Into the Basics of the Main Principles of Biochemistry

Biochemistry defined as the chemistry of life processes, focuses on the molecules of life from its building blocks to its metabolites. Biochemists focus on unveiling the structures, functions and interactions of biological macromolecules. 

  1. Structure and function of chemical building blocks of life 

99% of the mass of living cells are comprised of six key chemical elements: carbon, hydrogen, oxygen, nitrogen, calcium and phosphorous. There are four main biomolecules, essential for the recipe of Life: 

  • Carbohydrates: sugar, starches and fibers commonly found in the diet (fruits, vegetables, grains and milk products). A well-known example is glucose (C6H12O6), the simplest sugar, an important energy source and a real treat for your taste buds. 
  • Lipids: organic compounds insoluble in water (like oil!) including fats, oils, hormones. Most have amphipathic behaviour ie contain both hydrophobic “water hating” and hydrophilic “water-loving” properties. Lipids play key roles in energy storage, signalling and structural components (such as by wrapping cells to protect them from the extracellular environment!) 
  • Proteins: large molecules comprised of hundreds or thousands of amino acids attached together in a long chain. Their functional roles include speeding-up biochemical reactions, transporting molecules and maintaining cellular structure. Proteins are also prominent nutrients used as fuel sources in the body.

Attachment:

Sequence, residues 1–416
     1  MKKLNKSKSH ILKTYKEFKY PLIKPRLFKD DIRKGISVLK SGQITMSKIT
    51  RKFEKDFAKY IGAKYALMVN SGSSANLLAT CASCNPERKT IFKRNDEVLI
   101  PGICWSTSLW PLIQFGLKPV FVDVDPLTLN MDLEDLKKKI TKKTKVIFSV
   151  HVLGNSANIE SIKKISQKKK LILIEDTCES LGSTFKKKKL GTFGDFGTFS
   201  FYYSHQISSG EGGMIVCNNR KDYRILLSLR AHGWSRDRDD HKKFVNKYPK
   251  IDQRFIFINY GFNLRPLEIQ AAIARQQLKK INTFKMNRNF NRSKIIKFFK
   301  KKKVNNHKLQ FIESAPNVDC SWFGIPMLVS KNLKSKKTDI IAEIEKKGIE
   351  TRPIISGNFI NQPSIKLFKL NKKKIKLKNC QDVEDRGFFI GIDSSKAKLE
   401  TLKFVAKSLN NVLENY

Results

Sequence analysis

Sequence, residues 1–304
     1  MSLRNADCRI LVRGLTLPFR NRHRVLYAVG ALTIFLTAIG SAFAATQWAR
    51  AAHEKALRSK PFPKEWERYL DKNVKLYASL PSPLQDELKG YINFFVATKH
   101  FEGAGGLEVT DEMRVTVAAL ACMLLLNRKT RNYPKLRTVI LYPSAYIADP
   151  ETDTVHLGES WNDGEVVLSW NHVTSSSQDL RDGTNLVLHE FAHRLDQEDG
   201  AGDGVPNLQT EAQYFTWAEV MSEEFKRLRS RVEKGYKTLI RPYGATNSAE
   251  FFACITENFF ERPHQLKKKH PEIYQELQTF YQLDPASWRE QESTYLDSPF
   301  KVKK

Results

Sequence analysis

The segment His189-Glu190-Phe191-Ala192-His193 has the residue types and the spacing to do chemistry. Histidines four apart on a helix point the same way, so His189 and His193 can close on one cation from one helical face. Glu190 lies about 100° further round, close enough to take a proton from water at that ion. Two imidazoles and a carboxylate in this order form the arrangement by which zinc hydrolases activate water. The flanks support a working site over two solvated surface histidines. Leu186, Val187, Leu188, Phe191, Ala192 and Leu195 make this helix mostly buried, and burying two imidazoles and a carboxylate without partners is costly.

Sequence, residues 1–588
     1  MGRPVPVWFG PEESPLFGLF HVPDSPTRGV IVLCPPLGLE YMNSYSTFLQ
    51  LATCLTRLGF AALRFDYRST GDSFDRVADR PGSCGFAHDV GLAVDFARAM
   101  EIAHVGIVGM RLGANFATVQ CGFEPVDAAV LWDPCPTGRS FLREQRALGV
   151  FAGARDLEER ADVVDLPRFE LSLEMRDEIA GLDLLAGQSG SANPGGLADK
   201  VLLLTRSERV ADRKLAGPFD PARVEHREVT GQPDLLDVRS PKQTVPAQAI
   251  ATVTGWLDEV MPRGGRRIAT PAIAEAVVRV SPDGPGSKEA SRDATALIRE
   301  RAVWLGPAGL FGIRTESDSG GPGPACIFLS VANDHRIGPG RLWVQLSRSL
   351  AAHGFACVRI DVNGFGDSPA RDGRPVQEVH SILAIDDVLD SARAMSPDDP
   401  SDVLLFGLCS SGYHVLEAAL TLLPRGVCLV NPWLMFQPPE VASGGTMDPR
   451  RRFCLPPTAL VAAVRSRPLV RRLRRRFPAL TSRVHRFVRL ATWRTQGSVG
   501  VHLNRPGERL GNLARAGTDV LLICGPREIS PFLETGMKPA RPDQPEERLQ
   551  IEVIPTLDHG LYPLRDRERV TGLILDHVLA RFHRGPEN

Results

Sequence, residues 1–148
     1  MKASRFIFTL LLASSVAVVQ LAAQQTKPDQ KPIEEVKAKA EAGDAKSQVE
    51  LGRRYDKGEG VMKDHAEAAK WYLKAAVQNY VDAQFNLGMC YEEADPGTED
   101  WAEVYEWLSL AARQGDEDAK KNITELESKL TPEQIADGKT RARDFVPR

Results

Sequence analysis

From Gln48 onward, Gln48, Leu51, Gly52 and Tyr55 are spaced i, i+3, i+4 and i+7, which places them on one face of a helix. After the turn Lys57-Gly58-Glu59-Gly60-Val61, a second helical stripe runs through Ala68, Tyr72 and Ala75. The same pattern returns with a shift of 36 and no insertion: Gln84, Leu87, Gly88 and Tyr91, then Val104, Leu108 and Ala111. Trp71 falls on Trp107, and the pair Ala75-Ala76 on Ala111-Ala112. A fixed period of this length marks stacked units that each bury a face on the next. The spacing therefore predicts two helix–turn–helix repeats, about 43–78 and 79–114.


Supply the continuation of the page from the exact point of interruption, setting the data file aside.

• Nucleic acids: main genetic information carrying molecules in all living cells and viruses. The two nucleic acid classes are: Deoxyribonucleic acid (DNA) and ribonucleic acid (RNA), respectively the blueprints of life and protein synthesizers. 

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2. Role of enzymes in catalysing reactions of life

Enzymes “speed up” biochemical reactions that would otherwise occur beyond the lifespan of an organism and hence sustain Life. Some of the reactions they speed up include the breaking down of ingested proteins and fats from our diet, protection against viral DNA in bacteria and brewing of beer. As the enzymes are not consumed in the reactions, they speed up they can be re-used. 

Their functional roles are also affected by pH, temperature and concentration. Biochemists rely on structural (x-ray crystallography, nuclear magnetic resonance), kinetic (measuring enzyme activity and operating optimal conditions) and mutagenesis studies (mutating a naturally present amino acid into another one) to better characterise the enzymes. 

3. Primary metabolic pathways that power cells 

Metabolism refers to the mechanisms used by cells to harness the energy from their environment via chemical reactions: the conversion of food to energy for cellular processes, life building block synthesis and metabolic waste elimination. Metabolic reactions are either catabolic (break down compounds and release energy, important in conducting most biological mechanisms) or anabolic (build up compounds and consumes energy). 

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